Minimum Wage Rate Increases on July 1st
Consult With Employment Law & Consulting Legal Firm Bois & Macdonald
Effective July 1, 2014, the State of California will increase the minimum hourly wage rate from $8.00 to $9.00 for both tipped and non-tipped employees. Similar minimum wage rate increases will apply in other states (See, e.g.http://jobsearch.about.com/od/minimumwage/a/minimum-wage-rates-2014.htm). This will trigger changes for almost every business with hourly employees. The new minimum wage will require all businesses with hourly wage earning employees to undertake a number of tasks.
WHAT DO YOU NEED TO DO?
1. Notify your Payroll Specialist. Your business needs to change the hourly rate for your affected employees, starting on July 1, 2014. Preferably, you should do this at least one week before the July 1st change takes effect.
2. Reevaluate the wage rates for all of your hourly employees. You should review the wage rates for all current employees and you should also potentially increase the hourly wages for some of your higher wage earners. For example, if you currently have employees earning $8 per hour, $9 per hour and $10 per hour you may need to consider raising the wage rates for your $9 and $10 per hour employees to maintain morale and retain valuable employees.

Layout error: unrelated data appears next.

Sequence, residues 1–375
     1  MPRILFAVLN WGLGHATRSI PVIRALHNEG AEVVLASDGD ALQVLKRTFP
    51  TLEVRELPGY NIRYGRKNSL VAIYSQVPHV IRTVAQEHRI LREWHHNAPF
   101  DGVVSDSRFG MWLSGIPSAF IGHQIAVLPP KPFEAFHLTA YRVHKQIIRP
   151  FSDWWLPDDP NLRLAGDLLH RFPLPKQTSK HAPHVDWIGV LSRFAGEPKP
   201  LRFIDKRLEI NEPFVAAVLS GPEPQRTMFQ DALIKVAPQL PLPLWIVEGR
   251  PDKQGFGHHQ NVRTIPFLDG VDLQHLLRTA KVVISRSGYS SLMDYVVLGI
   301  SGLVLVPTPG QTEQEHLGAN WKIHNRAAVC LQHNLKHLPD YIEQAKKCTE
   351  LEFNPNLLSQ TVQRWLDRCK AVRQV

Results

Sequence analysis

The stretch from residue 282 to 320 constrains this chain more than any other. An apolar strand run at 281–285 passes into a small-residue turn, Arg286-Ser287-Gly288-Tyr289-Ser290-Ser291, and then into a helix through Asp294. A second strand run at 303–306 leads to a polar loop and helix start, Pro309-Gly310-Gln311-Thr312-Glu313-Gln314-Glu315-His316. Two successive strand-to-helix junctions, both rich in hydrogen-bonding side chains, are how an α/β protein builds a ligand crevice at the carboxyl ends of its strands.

3. Revise your Employee Handbook. Your Employee Handbook should contain a Minimum Wage Policy. Your current policy should be updated to reflect the new wage rates and overtime pay. If you don’t currently have a Minimum Wage Policy this is an important time to add one to your handbook.
4. Post the 2014 Minimum Wage Poster. All employers must prominently display a minimum wage poster. Your current poster should be updated to reflect the new wage rates and overtime pay. If you don’t currently have a Minimum Wage Poster this is an important time to add one to your break room or time clock area. To purchase the new minimum wage law poster See, e.g. ww.laborlawcenter.com/p-23-california-labor-law-posters.aspx.
5. Review Exempt Employee Salaries and Wage Agreements. You should review the base salary for all exempt employees and all wage agreements with employees. Exempt employees must be paid at least two times the minimum wage. Wage agreements must provide for payment to employees of at least the minimum wage.